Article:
Christ extended his friendship to all, without rejecting anyone. Those who love Christ all across the earth form, in his steps, a large community of friendship. This is called communion. For this reason, they have a contribution to make in healing the wounds of humanity: without wanting to impose themselves, they can promote a globalization of solidarity which excludes no people and no single person.How can each person take part in this?
First Proposal - Join a local praying community
Love one another; by this love all will know that you are my disciples. (John 13:34-35)
On some occasions, such as international meetings, this community of friendship becomes visible. But these events are occasional. In every place, a portion of this large community can be found, even if a very poor one. It is not possible to live faith all by ourselves. Faith is born when there is an experience of communion, when we discover that Christ is the source of an unrestricted unity.
If local communities (also called parishes), groups and chaplaincies were increasingly to become places of friendship! Warm and welcoming places where we support one another, where we are attentive to those who are weak, to foreigners, to people who do not share our ideas...
A suggestion for all: could taking part in Sunday worship, or some other activities as well, even with people you did not choose, enable you to have an experience of communion?
A suggestion for local pastoral leaders: listen to young people; discern and welcome what they can bring to the local community; make older people aware of this.
Second Proposal - Extend friendship beyond the boundaries that limit us
Whatever you do to one of the least, you do to me. (Matthew 25:40)
Jesus was attentive to everyone he met, especially the poor, children, those who seemed unimportant. Following him, we can cross boundaries to join those in need. We can undertake acts of solidarity, together with Christians of different affiliations, and also with people who do not share our faith.
Whether the poverty is material or spiritual, solidarity implies a two-way sharing: in providing assistance, we are often the ones who receive.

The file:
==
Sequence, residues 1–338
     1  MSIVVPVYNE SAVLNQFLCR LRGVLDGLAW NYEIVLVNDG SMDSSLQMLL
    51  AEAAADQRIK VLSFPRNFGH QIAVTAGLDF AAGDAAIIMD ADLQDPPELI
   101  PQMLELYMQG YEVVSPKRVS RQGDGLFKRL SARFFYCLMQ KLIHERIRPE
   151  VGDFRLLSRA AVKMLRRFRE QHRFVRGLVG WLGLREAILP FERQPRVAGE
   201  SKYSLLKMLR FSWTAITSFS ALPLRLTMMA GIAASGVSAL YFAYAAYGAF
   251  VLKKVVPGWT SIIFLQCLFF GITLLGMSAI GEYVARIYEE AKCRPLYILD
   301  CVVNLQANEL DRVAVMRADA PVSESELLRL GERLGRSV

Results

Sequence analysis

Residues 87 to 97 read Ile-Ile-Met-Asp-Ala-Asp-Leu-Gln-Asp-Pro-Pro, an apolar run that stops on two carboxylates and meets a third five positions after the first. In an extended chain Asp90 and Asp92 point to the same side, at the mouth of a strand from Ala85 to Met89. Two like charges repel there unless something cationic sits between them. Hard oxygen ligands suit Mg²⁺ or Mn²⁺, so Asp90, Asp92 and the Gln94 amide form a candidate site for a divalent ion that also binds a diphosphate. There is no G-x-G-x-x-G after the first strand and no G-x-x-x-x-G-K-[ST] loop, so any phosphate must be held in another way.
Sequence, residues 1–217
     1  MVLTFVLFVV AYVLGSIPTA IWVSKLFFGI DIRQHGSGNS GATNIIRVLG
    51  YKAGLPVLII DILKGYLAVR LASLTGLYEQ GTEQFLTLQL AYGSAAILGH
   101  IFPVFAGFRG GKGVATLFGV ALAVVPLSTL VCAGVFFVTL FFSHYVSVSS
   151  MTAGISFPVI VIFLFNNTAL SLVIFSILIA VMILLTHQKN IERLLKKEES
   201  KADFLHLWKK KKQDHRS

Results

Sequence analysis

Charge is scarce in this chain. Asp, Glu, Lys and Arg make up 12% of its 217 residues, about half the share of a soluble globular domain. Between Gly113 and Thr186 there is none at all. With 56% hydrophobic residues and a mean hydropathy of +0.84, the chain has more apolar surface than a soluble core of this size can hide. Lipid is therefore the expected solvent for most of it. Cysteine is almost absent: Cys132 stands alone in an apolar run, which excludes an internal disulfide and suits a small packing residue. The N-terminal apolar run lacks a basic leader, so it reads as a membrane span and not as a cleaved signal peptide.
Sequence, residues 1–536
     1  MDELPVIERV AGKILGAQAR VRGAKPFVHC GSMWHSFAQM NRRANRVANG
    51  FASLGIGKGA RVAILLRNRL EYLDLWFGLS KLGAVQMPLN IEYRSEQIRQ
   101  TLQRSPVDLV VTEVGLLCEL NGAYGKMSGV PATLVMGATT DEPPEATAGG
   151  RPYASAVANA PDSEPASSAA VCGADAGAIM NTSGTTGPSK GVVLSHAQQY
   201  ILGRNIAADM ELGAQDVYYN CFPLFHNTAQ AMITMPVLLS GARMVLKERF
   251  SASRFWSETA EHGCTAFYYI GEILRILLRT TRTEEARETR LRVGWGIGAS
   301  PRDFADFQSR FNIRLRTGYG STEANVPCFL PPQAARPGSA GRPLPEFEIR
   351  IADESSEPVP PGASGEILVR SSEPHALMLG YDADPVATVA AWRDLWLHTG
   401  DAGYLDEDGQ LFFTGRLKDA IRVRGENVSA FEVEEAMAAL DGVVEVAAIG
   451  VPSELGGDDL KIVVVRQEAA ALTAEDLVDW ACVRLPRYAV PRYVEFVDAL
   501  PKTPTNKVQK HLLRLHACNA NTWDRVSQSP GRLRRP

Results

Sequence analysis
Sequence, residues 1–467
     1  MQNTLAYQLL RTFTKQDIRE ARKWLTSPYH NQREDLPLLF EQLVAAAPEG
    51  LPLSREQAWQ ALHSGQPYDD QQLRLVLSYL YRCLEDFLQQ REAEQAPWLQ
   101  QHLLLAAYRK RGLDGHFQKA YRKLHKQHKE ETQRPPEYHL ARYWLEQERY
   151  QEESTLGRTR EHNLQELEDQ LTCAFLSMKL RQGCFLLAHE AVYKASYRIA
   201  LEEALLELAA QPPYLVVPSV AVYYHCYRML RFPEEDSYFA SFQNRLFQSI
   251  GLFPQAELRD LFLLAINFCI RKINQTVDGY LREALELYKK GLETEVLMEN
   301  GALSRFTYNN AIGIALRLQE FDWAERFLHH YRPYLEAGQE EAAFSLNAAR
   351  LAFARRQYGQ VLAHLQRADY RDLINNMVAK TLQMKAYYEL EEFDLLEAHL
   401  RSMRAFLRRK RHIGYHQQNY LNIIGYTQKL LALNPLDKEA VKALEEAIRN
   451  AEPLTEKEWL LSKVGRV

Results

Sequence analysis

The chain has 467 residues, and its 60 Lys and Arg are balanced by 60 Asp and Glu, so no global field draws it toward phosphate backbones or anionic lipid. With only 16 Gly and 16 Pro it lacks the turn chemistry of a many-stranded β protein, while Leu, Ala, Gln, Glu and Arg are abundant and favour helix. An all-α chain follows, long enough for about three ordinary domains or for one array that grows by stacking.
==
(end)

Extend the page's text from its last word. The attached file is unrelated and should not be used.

A suggestion for all: why not choose, for one year, a situation in the neighborhood and people to whom a presence of friendship could be offered, solidarity be shown: to the outcast, the poor, the ill, those suffering from disabilities, abandoned children, immigrants, the unemployed...?
A suggestion for local pastoral leaders: help young people find situations where solidarity is necessary and possible.
Third Proposal - Share and pray regularly with others
Where two or three are together in my name, I am there in their midst. (Matthew 18:20)
For some young people, painful trials, abandonment, solitude, or the keen awareness of the injustices in the world can make it almost impossible to have faith in God. Believing is always a risk—the risk of trusting.
With whom can I journey and reflect about my faith?
A suggestion for all: rather than staying alone with one’s questions, find a few other people to share with, once a week or once a month. Read together a page of the Gospel or another reading. Pray together with songs, a Bible reading, a long period of silence.
A suggestion for local pastoral leaders: encourage and support these small groups of sharing and prayer; help them to remain open and welcoming to others.
Fourth Proposal - Make the communion among all who love Christ more visible
You are the Body of Christ. (1 Corinthians 12:27)
In our village, our city and our region, there are people who also love Christ, but in a different way than we do. Calling ourselves “Christians” means bearing the name of Christ. We receive our identity as Christians through baptism, which unites us to Christ. Let us try to give more visibility to this common identity, instead of emphasizing our denominational identities.
When differences appear to be incompatible, that is no reason to separate. During his life, Christ went beyond boundaries and, on the cross, he stretched out his arms from one side to the other, between those who are divided. If Christians want to follow Christ and let God’s light shine in the world, they cannot remain divided. It is the Holy Spirit who unites us.
A suggestion for all: Why not go towards those who are different, another group, another parish, another movement, another denomination, a Christian community of migrants...? We can make visits, let others welcome us, invite them. We can turn together to Christ in a simple prayer, putting ourselves “under one roof” without waiting for everything to be fully harmonized, and in this way we can live in anticipation of full communion.
A suggestion for local pastoral leaders: in pastoral work, do together with Christians of other denominations all that can be done together; do nothing without taking others into account.